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Column: Innovative trial techniques on a shoestring budget

Editorial Indiana
November 23, 2011
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Tensions are high and sleep levels are low. Preparing for an upcoming trial often causes anxiety at every level within a firm. While most would like to prepare things more efficiently, it often seems that purchasing the “right” software would simply be too costly. The truth is most firms already possess many of the “right tools” and are merely underutilizing them, while other tools are easily attainable. Below are several common trial preparation tasks and affordable solutions to complete them in a more efficient and effective manner.

deanna finney Finney

The need to convert files to PDF format is very common these days. While many people are aware of the ability to scan to PDF, some do not recognize that electronic files can simply be converted to PDF without expensive software. In fact, users that have Microsoft Office 2007 or 2010 have a “Save to PDF” feature built in to the “Save As” options within all of their Office programs. With a document open, users can simply choose the “Save As” function and select “PDF” from the “file type” drop-down as well as the name and location to which they would like to save the PDF file. Another great option is CutePDF Writer (www.cutepdf.com), a free tool that allows you to “print” any file to a PDF format. Once installed, this tool will appear in the list of available printers. To convert a file to PDF, simply open the file or webpage and choose print. Next, select the “Cute PDF” printer and when prompted, enter the name and location to save the newly created PDF file.

Document markups can be painstakingly monotonous, including tasks such as bates stamping pages, redacting information and highlighting key points. While some people try to finagle their way through these tasks using things like whiteout, Post-it notes and a scanner, there is a much more efficient way that is cost effective, too. Many files are already in PDF format which makes editing the PDF an obvious choice. However, with the full version of Adobe Professional retailing for roughly $450 per license, it is not always a feasible solution for every firm. A great alternative that is a fraction of the price is CutePDF Professional (www.cutepdf.com). This tool allows users to delete and reorder pages, crop and rotate pages, combine multiple documents into a single PDF and quickly insert headers and footers including bates numbers. Redacting, highlighting and additional markup tools including a “typewriter” function are also available and easy to utilize. CutePDF Professional also allows users to easily convert PDF files to image files such as JPEG or TIFF.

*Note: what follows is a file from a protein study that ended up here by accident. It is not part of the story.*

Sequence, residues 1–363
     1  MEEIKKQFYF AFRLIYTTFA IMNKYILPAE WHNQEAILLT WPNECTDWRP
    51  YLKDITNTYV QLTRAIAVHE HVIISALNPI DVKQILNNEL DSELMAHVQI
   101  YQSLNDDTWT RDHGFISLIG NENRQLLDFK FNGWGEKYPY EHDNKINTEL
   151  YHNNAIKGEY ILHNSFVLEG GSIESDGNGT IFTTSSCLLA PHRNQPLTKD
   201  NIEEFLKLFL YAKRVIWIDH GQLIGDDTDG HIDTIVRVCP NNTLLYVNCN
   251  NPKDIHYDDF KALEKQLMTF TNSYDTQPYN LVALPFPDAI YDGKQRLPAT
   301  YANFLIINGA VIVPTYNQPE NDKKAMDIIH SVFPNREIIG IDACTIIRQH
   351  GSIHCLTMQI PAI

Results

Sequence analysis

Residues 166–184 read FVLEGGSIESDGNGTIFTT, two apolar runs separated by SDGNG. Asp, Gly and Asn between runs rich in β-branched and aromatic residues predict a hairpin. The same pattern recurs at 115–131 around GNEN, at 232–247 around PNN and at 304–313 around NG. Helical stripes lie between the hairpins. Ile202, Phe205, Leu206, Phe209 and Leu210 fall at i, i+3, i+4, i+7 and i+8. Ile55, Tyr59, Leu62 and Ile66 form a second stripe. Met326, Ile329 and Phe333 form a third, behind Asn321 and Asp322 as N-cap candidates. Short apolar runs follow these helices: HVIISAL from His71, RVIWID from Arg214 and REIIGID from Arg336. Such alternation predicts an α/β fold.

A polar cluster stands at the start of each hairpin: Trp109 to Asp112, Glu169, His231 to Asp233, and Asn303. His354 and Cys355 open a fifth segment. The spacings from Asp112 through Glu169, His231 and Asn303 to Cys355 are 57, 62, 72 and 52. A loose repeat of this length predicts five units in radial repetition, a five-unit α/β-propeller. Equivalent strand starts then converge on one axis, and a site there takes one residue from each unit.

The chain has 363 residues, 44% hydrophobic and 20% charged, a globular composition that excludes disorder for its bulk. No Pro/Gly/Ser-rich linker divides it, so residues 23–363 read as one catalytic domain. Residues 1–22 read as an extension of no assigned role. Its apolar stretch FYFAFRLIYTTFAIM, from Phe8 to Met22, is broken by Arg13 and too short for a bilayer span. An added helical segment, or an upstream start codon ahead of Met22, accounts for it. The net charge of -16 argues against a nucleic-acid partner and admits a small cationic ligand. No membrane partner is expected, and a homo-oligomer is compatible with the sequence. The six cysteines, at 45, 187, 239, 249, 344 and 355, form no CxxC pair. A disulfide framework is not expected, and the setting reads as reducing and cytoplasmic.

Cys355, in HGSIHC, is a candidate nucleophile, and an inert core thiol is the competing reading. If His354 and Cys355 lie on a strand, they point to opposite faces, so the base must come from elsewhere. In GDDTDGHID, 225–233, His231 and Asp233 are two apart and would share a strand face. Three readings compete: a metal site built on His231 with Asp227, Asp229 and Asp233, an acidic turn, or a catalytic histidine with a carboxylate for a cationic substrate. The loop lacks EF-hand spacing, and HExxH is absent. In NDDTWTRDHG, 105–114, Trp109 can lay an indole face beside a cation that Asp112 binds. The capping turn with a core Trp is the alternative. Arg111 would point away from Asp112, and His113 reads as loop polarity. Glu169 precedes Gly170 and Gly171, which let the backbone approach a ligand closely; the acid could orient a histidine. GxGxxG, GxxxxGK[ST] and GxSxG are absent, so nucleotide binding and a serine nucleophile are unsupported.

Staying organized can be a challenge, especially in document intensive cases. While there are many great tools like Summation and Concordance, many firms choose not to use them due to their high price tag and extensive learning curve. A favorite alternate solution to maintain a hyperlinked exhibit list is Microsoft Excel. Keeping an exhibit list in Excel format allows users to easily sort, filter, keyword search and track lots of information about the documents in a tool that most firms already own. In fact, users can even hyperlink the corresponding document(s) on the list to easily click and open documents on demand. Excel hyperlinking is as easy as 1-2-3: 1. Select the cell to hyperlink. 2. Right click and select hyperlink. 3. Browse out and select the corresponding document. Voila! Now, the selected cell will appear with bright blue font and upon clicking, the corresponding document will automatically open.